(Montejano, 1987), The Hispanic Americans (Meltzer, 1982), or The Mexicans
in America (Pinchot, 1989).
* Consult book reviews, such as those in Our Family, Our Friends, Our
World: An Annotated Guide to Significant Multicultural Books for Children
and Teenagers (Miller-Lachmann, 1992).
* Take an ethnic literature course. From the 1960s to the present, a
growing body of literature written by or for Mexican Americans has emerged.
* Include multicultural readers in the secondary level curriculum, such
as Mexican American Literature (Tatum, 1990) or Arrivals: Cross-cultural
Experience in Literature (Huizenga, 1995).
* Incorporate trade books whenever possible, using selection criteria
(see Reviewing Literature and Selecting The Best, below).
* When possible, invite local Mexican American authors to talk with
or read to classes. Correspond with one or more authors located through
* Participate in school district committees that select curriculum materials.
Make a case for including various U.S. minority group histories and literatures
to be studied as serious literary works.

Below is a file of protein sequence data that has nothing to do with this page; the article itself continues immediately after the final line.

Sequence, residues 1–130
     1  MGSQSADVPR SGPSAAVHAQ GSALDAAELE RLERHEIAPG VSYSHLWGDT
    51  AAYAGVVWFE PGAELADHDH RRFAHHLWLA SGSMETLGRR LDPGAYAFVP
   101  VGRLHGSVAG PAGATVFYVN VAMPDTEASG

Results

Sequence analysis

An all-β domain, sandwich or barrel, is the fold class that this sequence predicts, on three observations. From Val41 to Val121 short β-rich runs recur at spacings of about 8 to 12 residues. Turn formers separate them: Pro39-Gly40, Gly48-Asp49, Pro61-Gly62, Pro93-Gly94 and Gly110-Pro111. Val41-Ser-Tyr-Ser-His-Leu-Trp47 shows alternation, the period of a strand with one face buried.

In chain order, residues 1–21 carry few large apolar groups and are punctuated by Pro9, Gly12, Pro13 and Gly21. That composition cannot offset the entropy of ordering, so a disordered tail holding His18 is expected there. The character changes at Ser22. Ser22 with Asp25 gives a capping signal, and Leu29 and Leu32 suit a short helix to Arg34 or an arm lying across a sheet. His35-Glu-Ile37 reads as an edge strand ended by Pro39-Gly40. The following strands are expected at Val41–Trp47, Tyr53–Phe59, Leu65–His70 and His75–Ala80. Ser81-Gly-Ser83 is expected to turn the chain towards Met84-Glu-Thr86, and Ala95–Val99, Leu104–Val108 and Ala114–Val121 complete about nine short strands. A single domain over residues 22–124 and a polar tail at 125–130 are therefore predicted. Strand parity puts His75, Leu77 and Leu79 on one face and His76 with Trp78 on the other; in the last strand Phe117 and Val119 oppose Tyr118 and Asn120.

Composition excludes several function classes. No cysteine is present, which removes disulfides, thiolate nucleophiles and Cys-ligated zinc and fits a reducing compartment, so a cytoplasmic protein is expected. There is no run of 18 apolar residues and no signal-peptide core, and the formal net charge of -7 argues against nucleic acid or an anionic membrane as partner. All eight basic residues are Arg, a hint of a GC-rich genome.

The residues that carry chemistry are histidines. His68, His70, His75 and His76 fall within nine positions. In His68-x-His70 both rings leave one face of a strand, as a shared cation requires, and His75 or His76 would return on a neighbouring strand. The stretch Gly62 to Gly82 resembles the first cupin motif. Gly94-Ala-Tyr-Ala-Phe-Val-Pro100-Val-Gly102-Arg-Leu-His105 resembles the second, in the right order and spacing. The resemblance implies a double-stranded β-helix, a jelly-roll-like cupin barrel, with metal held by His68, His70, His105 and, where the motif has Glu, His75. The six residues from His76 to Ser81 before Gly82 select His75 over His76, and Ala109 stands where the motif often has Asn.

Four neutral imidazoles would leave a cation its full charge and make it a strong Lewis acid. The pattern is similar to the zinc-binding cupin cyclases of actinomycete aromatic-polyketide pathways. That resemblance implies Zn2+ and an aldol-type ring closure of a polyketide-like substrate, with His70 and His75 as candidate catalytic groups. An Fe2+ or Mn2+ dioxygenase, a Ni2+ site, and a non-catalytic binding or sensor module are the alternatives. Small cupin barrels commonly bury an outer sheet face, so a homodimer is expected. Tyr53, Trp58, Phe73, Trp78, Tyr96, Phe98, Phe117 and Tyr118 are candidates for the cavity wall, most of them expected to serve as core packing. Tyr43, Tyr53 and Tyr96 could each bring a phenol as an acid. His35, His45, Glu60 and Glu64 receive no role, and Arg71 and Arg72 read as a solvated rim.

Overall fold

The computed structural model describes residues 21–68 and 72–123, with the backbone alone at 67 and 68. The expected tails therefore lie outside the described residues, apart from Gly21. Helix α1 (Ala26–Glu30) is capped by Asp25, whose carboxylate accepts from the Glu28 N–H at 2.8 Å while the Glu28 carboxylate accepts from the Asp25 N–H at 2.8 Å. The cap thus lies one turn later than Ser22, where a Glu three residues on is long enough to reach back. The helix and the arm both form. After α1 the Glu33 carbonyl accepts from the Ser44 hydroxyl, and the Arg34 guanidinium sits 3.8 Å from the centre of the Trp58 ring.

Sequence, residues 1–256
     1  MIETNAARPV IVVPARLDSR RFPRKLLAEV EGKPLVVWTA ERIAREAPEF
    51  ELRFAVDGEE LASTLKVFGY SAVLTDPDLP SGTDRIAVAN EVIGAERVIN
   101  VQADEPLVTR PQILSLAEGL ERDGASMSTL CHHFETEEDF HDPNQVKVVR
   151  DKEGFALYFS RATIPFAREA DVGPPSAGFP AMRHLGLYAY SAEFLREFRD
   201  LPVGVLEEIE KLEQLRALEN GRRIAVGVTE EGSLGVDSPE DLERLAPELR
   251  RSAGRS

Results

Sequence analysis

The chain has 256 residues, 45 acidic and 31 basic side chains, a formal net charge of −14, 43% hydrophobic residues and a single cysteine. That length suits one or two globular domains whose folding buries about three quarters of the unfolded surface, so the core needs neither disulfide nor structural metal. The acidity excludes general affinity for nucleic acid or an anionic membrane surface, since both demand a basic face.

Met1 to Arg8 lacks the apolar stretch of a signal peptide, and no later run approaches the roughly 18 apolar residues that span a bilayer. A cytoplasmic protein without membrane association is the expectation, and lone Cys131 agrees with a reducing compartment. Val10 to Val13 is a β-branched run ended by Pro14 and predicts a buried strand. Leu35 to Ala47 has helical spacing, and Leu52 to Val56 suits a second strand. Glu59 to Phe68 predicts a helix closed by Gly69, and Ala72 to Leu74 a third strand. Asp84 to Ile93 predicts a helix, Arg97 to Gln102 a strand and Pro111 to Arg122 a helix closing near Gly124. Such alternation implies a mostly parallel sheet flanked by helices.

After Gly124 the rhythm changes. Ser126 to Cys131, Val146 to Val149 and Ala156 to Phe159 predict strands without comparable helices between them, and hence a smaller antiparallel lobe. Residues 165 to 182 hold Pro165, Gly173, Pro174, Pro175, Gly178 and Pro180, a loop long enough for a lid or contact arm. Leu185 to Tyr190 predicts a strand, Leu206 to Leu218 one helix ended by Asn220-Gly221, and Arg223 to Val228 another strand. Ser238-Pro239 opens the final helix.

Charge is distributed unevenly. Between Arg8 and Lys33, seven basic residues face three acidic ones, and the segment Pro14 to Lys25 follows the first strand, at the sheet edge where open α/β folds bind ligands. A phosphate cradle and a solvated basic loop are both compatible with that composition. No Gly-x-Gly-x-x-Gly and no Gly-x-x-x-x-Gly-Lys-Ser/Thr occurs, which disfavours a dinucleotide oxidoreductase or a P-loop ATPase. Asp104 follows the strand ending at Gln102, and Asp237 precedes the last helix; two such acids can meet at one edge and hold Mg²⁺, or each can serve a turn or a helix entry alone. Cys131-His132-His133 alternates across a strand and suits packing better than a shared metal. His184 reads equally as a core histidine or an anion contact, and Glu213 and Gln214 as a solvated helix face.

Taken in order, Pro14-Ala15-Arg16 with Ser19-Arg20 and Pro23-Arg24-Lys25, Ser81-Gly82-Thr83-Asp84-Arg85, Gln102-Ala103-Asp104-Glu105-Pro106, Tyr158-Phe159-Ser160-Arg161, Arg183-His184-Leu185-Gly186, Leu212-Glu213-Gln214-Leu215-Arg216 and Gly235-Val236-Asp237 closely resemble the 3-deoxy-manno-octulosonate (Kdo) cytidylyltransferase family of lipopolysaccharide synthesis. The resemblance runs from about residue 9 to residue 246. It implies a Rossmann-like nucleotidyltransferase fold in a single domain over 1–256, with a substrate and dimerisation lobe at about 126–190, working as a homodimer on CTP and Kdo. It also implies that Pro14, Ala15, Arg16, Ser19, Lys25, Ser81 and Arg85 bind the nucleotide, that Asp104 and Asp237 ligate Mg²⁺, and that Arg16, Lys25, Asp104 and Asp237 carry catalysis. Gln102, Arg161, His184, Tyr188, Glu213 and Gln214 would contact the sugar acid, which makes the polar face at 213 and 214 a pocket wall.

* Request in-service seminars by university and school district experts
on the use of Mexican American literature and interdisciplinary instruction.
* Organize a committee of volunteer parents to suggest or review selections
of readings for the class.
* Invite minority parents or grandparents to present oral traditions
by sharing family histories or experiences. Written collections of their
stories could be included in the school library.
REVIEWING LITERATURE AND SELECTING THE BEST
The following checklist provides a few important guidelines for selecting
appropriate classroom literature (Murray, 1998b; Escamilla, 1992; Diaz,
Moll, & Mehan, 1986):
* Does the selection present specific and accurate information about
* Do the illustrations and/or text reflect the diversity of the people
or do they reflect stereotypes?
* Are Mexican-origin characters depicted in active (not passive or submissive)
* Does the story line and/or character development lend itself to a
* Does the narrative voice in the selection come from a perspective
within the culture?
* If the cultural elements were removed, would there be a developed
* Is the culture presented in a positive way? Do the characters come
to a constructive resolution of conflicts? Are the characters multidimensional?
* Can mainstream works (i.e., literary canon) parallel the themes, issues,
or characters of the selection? Identify them, then compare and discuss.
* Are the Spanish words or phrases in the text understandable within
the context of the sentences? Is there a glossary?
SUGGESTED SELECTIONS BY GRADE LEVELS
The following authors and works have been reviewed (Murray, 1998a) and
represent some of the authentic within-the-culture perspectives available
Abuela by Arthur Dorros (Elisa Kleven, illustrator)
A Birthday Basket for Tia by Pat Mora (Cecily Lang, illustrator)
Arroz con Leche by Lulu Delacre (author and illustrator)
Diego by Jonah Winter (Jeanette Winter, illustrator)